But Putin has a sophisticated array of cyber tools that he could use and which, for a while, could look ambiguous, not quite clear, perhaps, a bit hard to attribute directly to Russia, and he may be looking here for an option that features an attack on Ukraine, not by conventional force but by cyber, which then begins to open divisions or cracks in the coherence of the sanctions regime.
So would we sanction him to the same extent if there’s a significant cyberattack? And he may be looking for an opportunity here to achieve some of his objectives and avoid some of the sanctions.
TREVELYAN: Tim, I have to ask you this because it’s so fascinating. President Putin is going to go to Beijing for the opening of the Winter Olympics. Lots of speculation about what this means. Does it mean he wouldn’t want to rain on China’s parade by launching an invasion of Ukraine? Of course, you know, history tells us that the Olympics has often been a cover for military action. But do you think that relationship is key in all of this?
FRYE: Well, I think—I don’t think that, you know, the planning of the Kremlin is really strongly rooted in the Olympic calendar. I think Putin will make the decision about whether to go or not, you know, regardless of regardless of the Olympics.
If we—you know, China’s position has been more supportive of Russia during this particular crisis than it was in 2014. You know, there are real limits, and Chinese foreign policy tends to be rather cautious, particularly, about the—supporting the use of force in changing international borders. That’s something that Chinese foreign policy has not supported. So they’re walking a fine line.
Now, if you remember back to 2014, there were lots of expectations that China would just jump in and fill the gap caused by U.S. sanctions. But by my reading, the Chinese jumped in and took advantage of the situation as a monopoly, a bargaining partner, and were able to get some pretty sweet deals from the Russians.
So, you know, China is an option for Moscow and it does help, but it will come at a cost, you know, above from what, you know, Russia would usually get in a normal market situation where it could play China off against other countries.
TREVELYAN: OK. So Tim, Doug, and Nathalie, thank you so much for answering my questions. That concludes this portion, and now I would like to invite all of our members to join this conversation with their questions. Just a reminder that this meeting is on the record. It’s being recorded. It will be posted to the CFR website afterwards.
The operator will remind you how to join the question queue. So please raise your hands if you would like to speak and our panelists, I know, will be delighted to answer your questions. And, perhaps, you can, you know, say if you’re directing it towards someone in particular. Thank you. So we await your questions eagerly.
OPERATOR: (Gives queuing instructions.)
We’ll take the first question from William Courtney.
TREVELYAN: Go ahead, William.
OPERATOR: Ambassador Courtney, please accept the unmute now prompt.
It looks like we’re having some difficulty with that line. We’ll take the next question from Mikki Canton.
Q: Good morning. I want to thank you, first and foremost, for taking time. You are all fascinating, and I’m very impressed with your insightful comments.
My question is, given the role that in the past Russia has had in its relationship with Cuba as well as with Venezuela, and the idea that they would establish a more concrete military presence there at this time, whether it’s for show or to actually have a possibility of just engaging in military action, especially with Cuba being only ninety miles away from south Florida, I’d like to get your thoughts on that and if that’s something that you believe the United States has really taken that seriously.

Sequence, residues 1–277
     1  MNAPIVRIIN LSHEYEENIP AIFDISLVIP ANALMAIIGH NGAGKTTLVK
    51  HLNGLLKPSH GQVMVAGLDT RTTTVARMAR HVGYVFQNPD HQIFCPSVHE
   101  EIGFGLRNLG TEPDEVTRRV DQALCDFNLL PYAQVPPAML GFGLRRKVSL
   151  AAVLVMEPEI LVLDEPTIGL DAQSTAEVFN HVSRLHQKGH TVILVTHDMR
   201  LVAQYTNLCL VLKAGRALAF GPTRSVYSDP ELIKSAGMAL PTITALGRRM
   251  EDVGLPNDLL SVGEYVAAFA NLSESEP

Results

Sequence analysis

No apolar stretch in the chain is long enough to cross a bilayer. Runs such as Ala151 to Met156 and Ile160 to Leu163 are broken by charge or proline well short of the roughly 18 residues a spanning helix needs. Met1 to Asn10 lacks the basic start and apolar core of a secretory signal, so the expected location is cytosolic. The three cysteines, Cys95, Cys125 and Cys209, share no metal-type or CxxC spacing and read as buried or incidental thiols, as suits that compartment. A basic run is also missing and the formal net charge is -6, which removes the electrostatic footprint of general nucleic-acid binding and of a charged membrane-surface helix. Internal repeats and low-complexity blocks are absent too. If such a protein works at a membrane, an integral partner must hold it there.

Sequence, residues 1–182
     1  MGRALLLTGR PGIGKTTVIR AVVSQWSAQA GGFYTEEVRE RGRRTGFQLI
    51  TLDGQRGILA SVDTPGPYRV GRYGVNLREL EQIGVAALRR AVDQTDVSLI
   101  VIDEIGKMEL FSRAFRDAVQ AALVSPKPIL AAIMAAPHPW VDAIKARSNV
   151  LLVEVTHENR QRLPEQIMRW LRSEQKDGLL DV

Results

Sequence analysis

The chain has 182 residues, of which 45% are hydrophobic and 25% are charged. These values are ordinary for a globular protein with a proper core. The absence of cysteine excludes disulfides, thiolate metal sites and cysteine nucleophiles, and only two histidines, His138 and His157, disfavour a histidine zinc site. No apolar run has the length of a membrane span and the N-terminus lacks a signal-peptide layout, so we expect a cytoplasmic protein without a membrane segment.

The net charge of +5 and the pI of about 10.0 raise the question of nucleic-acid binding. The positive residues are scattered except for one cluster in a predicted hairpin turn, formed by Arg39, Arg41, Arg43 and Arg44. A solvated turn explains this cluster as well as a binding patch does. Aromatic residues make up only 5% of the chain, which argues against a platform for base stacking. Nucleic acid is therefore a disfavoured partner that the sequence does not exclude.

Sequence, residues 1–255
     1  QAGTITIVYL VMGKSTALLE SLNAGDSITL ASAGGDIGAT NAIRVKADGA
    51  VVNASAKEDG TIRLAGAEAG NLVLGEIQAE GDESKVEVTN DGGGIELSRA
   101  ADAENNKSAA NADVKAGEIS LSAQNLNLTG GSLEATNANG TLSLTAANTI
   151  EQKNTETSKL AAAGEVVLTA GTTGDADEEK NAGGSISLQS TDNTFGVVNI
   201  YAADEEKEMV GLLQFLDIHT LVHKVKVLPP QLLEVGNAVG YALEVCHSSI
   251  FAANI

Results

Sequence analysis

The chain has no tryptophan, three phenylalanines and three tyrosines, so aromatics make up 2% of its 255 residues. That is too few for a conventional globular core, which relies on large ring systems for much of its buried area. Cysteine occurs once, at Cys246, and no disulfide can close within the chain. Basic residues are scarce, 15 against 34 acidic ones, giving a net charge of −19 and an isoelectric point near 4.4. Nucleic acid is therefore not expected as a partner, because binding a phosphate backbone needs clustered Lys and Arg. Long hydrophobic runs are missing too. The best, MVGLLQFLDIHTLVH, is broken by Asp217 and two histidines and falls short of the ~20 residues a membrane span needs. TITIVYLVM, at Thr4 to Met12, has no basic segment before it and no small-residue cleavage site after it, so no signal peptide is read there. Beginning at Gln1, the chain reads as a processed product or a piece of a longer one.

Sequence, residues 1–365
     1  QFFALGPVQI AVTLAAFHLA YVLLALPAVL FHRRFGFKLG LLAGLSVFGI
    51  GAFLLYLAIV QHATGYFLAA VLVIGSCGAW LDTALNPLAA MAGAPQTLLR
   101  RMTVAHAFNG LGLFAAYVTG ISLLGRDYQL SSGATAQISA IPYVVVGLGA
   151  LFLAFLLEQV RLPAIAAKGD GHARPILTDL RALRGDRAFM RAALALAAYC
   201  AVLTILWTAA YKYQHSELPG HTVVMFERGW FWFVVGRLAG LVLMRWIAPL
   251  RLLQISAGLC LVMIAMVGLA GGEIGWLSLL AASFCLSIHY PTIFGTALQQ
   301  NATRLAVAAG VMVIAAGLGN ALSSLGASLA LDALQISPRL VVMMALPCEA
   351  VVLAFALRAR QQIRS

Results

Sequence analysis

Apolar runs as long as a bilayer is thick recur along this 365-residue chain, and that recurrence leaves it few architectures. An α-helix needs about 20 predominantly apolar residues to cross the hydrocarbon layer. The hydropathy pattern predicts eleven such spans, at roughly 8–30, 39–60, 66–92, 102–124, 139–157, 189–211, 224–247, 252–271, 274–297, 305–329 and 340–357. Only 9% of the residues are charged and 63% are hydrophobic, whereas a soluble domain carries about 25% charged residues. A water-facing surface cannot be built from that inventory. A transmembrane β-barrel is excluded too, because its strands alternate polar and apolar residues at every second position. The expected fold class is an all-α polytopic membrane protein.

When we had the uprising in Venezuela against Maduro, the United States was very much gung ho in bringing in the new president as Guaidó, and all of a sudden everything came to a halt and I suspect a lot of Russian influence was involved in making that decision to hold off. Given that and, of course, the history that Russia has with Cuba, what are your thoughts?
TREVELYAN: That’s one for you, Tim, I think.
FRYE: Yeah. Thanks a lot. You know, I don’t see that as something the U.S. should be strongly concerned about. The capacity to, you know, have forces so far away from Russia makes logistics challenging. Cuba would have to really think twice about how much they want to anger their big neighbor to the north. Venezuela might be more of a possibility but Venezuela is not a particularly easy place to operate these days.
Also, I think the bigger point is this would simply justify U.S. actions in Europe, which would be much more threatening to Russia. The Americans could say, well, if you’re going to be in our backyard we’ll be in your backyard, and that’s a trade that I don’t think the Kremlin would like to make, given that the, you know, U.S. presence in Europe would be far greater than anything that the Russians could establish in the Western Hemisphere.
TREVELYAN: Thanks for that answer, Tim, and for the question. Shall we have the next question, please?
OPERATOR: We will try once more with William Courtney.
TREVELYAN: I was—
Q: Yeah. Yes, thank you. I apologize. The publishing of a(n) anti-war statement by about three thousand members of the intelligentsia about the same time, really, within hours of President Putin’s somewhat conciliatory speech sounds a little bit coordinated, based on the way we know about practices in the past.
Is there a possibility here that there’s been Kremlin infighting and there’s been maybe a shift in attitudes?